New Articles

Is your Ecommerce Caught Between Delivery Delays and Voided Service Guarantees? Strategies to Survive this Situation.

delivery

Is your Ecommerce Caught Between Delivery Delays and Voided Service Guarantees? Strategies to Survive this Situation.

The pandemic has disrupted ecommerce businesses in unique ways. While a few ecommerce stores went bust, others doubled their revenue overnight. Regardless the parcel volumes continue to soar. The parcel volumes are so high that even major shipping carriers like FedEx and UPS are overwhelmed. For example, FedEx alone saw a 35%-40% increase in B2C deliveries. An unprecedented rise in shipments has forced both the carriers to resort to undertaking stringent actions.

Carriers Suspend Service Guarantees

FedEx and UPS have suspended money-back guarantee for ground and priority services. Let’s take a minute to understand what this means for merchants. An escalation in order volumes directly impacts the carrier’s on-time delivery performance. It is almost a given that merchants will experience a minimum of 20% increase in delays. An explosion in sales, impatient customers, and shoddy delivery experience. Add to it, COVID uncertainty and unaccountability resulting from voided service guarantees. Sounds like a disaster in the making?

When delays are imminent

With the growing volume of residential deliveries clogging their network, carriers may redirect traffic to relieve congestion. Suspension of guarantees also means that FedEx or UPS can switch your priority shipments to lower-cost ground mode without notice. Expect more delays for overnight and priority shipments. While you pay for a premium service there is no way you can hold carriers accountable.

Watch out for COVID-19 Surcharges

In order to mitigate the strain on their delivery network, UPS followed by FedEx has come up with peak volume surcharges. A $30 surcharge as additional handling charges and $0.40 for services like FedEx SmartPost or UPS surepost. But the surcharge that retailers must be most concerned about is the residential area surcharge. A surcharge of $0.30 will be levied on all orders that are to be delivered to residences.

Strategies to survive

The disastrous combination of delivery delays and rising shipping costs can ruin your sales revenue. It is crucial to take steps to mitigate the impact of COVID on your shipping costs as well as customer experience.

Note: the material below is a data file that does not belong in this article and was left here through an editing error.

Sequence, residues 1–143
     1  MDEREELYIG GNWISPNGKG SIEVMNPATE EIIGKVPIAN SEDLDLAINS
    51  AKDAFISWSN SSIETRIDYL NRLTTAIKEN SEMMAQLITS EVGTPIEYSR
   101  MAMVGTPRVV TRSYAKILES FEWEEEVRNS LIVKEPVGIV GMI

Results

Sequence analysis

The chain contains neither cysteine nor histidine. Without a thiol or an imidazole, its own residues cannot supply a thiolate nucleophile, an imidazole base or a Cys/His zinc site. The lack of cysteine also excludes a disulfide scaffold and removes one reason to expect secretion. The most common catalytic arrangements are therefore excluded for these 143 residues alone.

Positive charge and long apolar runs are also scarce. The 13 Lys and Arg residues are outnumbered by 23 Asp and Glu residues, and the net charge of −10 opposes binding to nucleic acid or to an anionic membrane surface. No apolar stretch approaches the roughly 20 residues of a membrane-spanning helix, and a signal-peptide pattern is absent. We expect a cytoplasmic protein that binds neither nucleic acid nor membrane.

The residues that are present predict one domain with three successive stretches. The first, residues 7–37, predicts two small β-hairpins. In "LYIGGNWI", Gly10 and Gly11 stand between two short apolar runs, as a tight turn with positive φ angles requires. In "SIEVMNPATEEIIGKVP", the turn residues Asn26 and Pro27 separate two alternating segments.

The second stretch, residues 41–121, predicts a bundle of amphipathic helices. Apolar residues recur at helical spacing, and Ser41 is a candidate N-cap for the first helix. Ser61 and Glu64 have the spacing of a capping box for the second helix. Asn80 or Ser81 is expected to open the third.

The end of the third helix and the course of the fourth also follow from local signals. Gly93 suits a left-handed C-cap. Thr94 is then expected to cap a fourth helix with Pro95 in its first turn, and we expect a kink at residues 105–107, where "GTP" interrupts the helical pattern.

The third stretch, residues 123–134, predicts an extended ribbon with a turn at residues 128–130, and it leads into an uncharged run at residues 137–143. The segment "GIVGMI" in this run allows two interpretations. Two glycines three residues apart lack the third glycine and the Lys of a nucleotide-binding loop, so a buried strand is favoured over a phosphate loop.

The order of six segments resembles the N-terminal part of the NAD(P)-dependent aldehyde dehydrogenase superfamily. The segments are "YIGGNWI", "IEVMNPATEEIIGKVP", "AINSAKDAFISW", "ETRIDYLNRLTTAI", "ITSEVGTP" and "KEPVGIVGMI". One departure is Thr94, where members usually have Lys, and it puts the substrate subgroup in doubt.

Here are a few strategies to follow:

1. Re-negotiate your shipping contract: UPS or FedEx can’t spring a surprise charge. Especially during these trying times. Work through your shipping profile to figure out the impact of these charges on your costs. Negotiate with your FedEx or UPS rep and draw up a special contract for the COVID situation.

2. Consider charging for order delivery: Free and fast delivery has been your brand’s USP. However, if including a shipping fee helps your business stay afloat, don’t shy away. Don’t let the additional surcharge eat into your profit margin.

3. Delays should not deter you: Factor in for delays while revisiting the estimated date of shipments on your shipping page.  Communicate well in advance to your customer support team. Mention the changes to delivery times due to COVID On your home page.

4. Over-communicate with your customers: Let your customers know at all times where their package is. Stay on top of your orders at all times. Act quickly in case of a delivery exception.

5. Audit your invoices: Businesses are slashing all the excess spending. As for ecommerce, you should start by auditing your shipping invoice. It is more critical than ever to examine each and every line item on your invoice. This can help you save 10%-12% of your shipping costs.

The peak volume surcharges and service guarantee suspension are supposedly temporary. When things go back to normal, FedEx and UPS are likely to reinstate these service guarantees. However, with no clear timeline in businesses must prepare to navigate the status-quo as long as it lasts.

________________________________________________________________